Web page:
<John rdf:ID="_G31835" />
           <owl:Thing rdf:ID="_G31835"><believe rdf:ID="_G36964"/></owl:Thing>
           <rdf:Description rdf:type="prop" rdf:ID="_G36964">
             <rdf:subject rdf:type="Bob" rdf:ID="_G31837" />
             <rdf:predicate  rdf:type="eat" rdf:ID="_G31837" />
             <rdf:object rdf:type="sandwich" rdf:ID="_G318378" />

 	9) Dealing with a neo-davidsonian event framework in DL.

 	Now, the above example (which probably got reificaiton wrong) is
simplified. In a neo-Davidsonian model of FOL like the type we are trying 
to use, we basically don't have relationships like "eat" directly take
a subject and object. Instead, they instantiate an "event", and the 
arguments are made into "agent" (1st argument) and "patient" (2nd 
argument), "theme" (3rd argument). This type of framework is often used
by comptuational linguists in FOL to help represent language while
keeping all relationships unary and binary.

 	The question is should we model "Bob ate the sandwich" directly
as a triple, or have an interleaving structure of events, agent, and 
patient classes.

 	The first case is easier to read:

 	<owl:Class rdf:ID="Bob">
         <owl:Class rdf:ID="sandwich">
         <owl:ObjectProperty rdf:ID="eat">
                  <rdfs:domain rdf:resource="owl:Thing"/>
                  <rdfs:range rdf:resource="owl:Thing"/>

         <Bob rdf:ID="_G31835" />
         <sandwich rdf:ID="_G31836" />
         <owl:Thing rdf:ID="_G31835"><eat rdf:ID="_G31836"/></owl:Thing>

 	The second case effectively bundles everything up into events and
keeps the relationships down the predefined set of "agent", "patient", 
"event", and the adjectives (like "of" or "with").

 	So instead of Bob(x), sandwich(y), eat(x,y)

 	we get:

 	Bob(x), sandwich(y), eat(z), agent(x,z), patient(z,y), event(z)

 	Which translated into OWL means:

         <owl:Class rdf:ID="Bob">
         <owl:Class rdf:ID="sandwich">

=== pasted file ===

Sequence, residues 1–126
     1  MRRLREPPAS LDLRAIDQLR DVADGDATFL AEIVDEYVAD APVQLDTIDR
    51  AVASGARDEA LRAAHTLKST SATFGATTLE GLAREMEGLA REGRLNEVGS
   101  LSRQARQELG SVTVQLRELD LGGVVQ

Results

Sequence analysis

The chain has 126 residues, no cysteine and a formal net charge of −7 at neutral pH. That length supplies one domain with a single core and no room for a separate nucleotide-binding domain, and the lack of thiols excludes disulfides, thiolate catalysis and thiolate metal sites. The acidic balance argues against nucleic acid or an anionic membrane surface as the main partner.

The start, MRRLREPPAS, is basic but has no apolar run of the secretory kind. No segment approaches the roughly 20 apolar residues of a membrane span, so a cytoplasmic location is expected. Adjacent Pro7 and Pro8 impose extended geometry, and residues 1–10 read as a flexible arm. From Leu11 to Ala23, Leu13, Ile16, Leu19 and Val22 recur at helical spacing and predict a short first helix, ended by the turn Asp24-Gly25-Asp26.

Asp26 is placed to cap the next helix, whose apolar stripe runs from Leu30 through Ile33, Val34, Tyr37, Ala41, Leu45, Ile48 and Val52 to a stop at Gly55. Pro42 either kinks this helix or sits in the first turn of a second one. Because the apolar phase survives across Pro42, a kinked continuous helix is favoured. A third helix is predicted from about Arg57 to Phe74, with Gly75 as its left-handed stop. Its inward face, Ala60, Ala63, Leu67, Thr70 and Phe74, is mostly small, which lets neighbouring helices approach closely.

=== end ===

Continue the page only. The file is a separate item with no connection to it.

<owl:Class rdf:ID="event">
         <owl:ObjectProperty rdf:ID="agent">
                  <rdfs:domain rdf:resource="owl:Thing"/>
                  <rdfs:range rdf:resource="owl:Thing"/>
          <owl:ObjectProperty rdf:ID="patient">
                  <rdfs:domain rdf:resource="owl:Thing"/>
                  <rdfs:range rdf:resource="owl:Thing"/>

         <Bob rdf:ID="_G31835" />
         <sandwich rdf:ID="_G31836" />
         <eat rdf:ID="_G31837"/>
         <event rdf:ID="_G31837"/>

         <owl:Thing rdf:ID="_G31835"><agent rdf:ID="_G31837"/></owl:Thing>
         <owl:Thing rdf:ID="_G31836"><patient rdf:ID="_G31837"/></owl:Thing>

 	This appears to be overkill with Bob ate the sandwich. But what 
about "Bob ate the sandwich with his fork". All of a  sudden, things are 
much more complex! Yet, you can make it Bob(x), sandwich(y), eat(z), 
with(z,u), fork(u), event(z), agent(x,z), patient(z,y). The "with fork" 
also participates in the abstract "event".

 	So, should we ditch the neo-davidsonian framework in OWL, or 
preserve it? Perhaps produced a simplified version, one with 
neo-davidsonian and another XSLT script to get to a "pure triple" form.
However, I have a funny feeling that except for the simplest cases the
"pure triple" form would just be a logically unable to convert back over 
to FOL, but the neo-davidsonian would. However, the lost of all scoping 
information by not giving which triple was within each <drs> collection 
any scope might cause the entire backconversion back from OWL DL -> FOL to backfire.

10) Practicalities:

 	If we're going to have over a million facts, we're going to need
a large OWL/RDF database storage program and a reasoner. Which reasoner 
and database do you recommend? Lastly, what's the fastest OWL validator?
I want to at least make sure my syntax is correct (which, since I typed
by hand a few of these examples, there may be some mistakes.)

 	Thaks again for any help you can provide! I know it's a long
e-mail, but someone had to do it for the sake of all us FOL users out 
there who want to get their databases in SemWeb format. After all, a 
million "common-sense" facts could be useful to someone in SemWeb world, I 


 	Harry Halpin
 	Informatics, University of Edinburgh
Received on Monday, 31 January 2005 04:09:32 UTC